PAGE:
Are women waiting to get married? Are they defying the custom we believe to be truth–snaring reluctant bachelors into wedlock? Are they now the ones saying, Not Yet? Yes. Long thought to be the ones pushing those balky bachelors, women are no longer doing so.
For years I’ve been hearing about the “delay” in marriage insisted on by many women, who are simply not as eager as they once were to be wives. For one thing, these young women have greater resources. For another, they don’t have the time, nor feel as inclined as they once might have, to put their all into intimate relationships. As one 23-year-old guest on my local television show, “The Love Goddess Show,” put it, “I don’t want to be the one in charge of maintaining relationship. I’m too busy. So right now, I’m lying low.”
Not wanting to be caretakers of intimacy is one reason young women want to wait. Young women like her may not have experienced the thud of depression that hits so many new wives; nor the clunk of outrage at hitting the glass ceiling in their careers. (You know the stats: depression afflicts three times more wives than single women; and, a mere 15 % of corporate top positions are women; and, of 190 heads of state, just nine are women; etc.). But they’re not denying the sad fact that these stats might one day include them.
They know, too, that it’s possible, just possible, that their marriages, like their parents’, might not last forever. I don’t say this facetiously: Years ago, whenever I asked a group of young men and women whether they thought they’d ever get a divorce, they inevitably said no–even if their own parents had divorced. Forever was what they planned on, and they couldn’t imagine things otherwise.
So, my young guest is simply anticipating the default position for women, the serious possibility of working the infamous double shift; the serious possibility of having to choose between love and work; love and self-growth and expansion. She is rightfully afraid. The numbers–of depressed wives; of women leaving relationships–support her anxiety. And so, like so many of her friends, she’s skittish about getting involved. Would she be able to have her own life–and not “be the only one maintaining the relationship”? Men have been baffled for several years. “Why are women acting so weird?” they ask me. “I thought they wanted intimacy.”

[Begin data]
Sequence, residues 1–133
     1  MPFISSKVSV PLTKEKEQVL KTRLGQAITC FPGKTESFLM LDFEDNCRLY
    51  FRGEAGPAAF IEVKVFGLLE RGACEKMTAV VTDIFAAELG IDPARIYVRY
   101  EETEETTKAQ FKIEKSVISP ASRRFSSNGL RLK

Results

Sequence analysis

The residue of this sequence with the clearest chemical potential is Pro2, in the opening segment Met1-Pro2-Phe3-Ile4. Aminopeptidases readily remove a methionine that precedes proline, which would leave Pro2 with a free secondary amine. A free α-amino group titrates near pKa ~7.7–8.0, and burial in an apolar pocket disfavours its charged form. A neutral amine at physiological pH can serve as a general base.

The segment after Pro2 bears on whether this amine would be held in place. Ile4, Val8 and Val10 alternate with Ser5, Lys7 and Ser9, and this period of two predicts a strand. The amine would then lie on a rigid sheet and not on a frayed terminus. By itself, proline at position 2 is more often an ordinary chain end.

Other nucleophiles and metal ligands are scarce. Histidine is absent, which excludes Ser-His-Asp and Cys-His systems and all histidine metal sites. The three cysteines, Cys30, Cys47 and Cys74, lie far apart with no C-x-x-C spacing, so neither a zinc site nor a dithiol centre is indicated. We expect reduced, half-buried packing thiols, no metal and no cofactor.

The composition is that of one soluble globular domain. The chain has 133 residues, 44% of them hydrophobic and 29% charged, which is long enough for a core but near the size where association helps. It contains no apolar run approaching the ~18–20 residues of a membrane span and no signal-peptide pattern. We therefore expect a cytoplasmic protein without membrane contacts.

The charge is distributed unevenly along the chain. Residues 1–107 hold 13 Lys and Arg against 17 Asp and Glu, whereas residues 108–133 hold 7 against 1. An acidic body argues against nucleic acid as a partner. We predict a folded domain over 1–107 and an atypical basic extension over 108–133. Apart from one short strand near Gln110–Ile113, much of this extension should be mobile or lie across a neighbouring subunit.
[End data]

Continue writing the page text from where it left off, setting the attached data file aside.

My young guest does want intimacy. And she also wants to expand in her own right.She knows the price of not having both has put women before her at risk for a mysterious depression call “erotic silence” and sent them racing out of their marriages, desperate for the selves they lost. So wanting to wait, she feels, is wanting to get the combination of love and self-expansion that she seeks.
So for now, women’s ambivalence and skittishness and hanging back is good news.
They shouldn’t be afraid of being called commitmentphobic, overentitled, unlikable or–the big one–selfish, or any other of the words used against them . Many want to shake them back into the role of eager wives-to-be , a role that the culture is so used to. Thankfully, women aren’t buckling.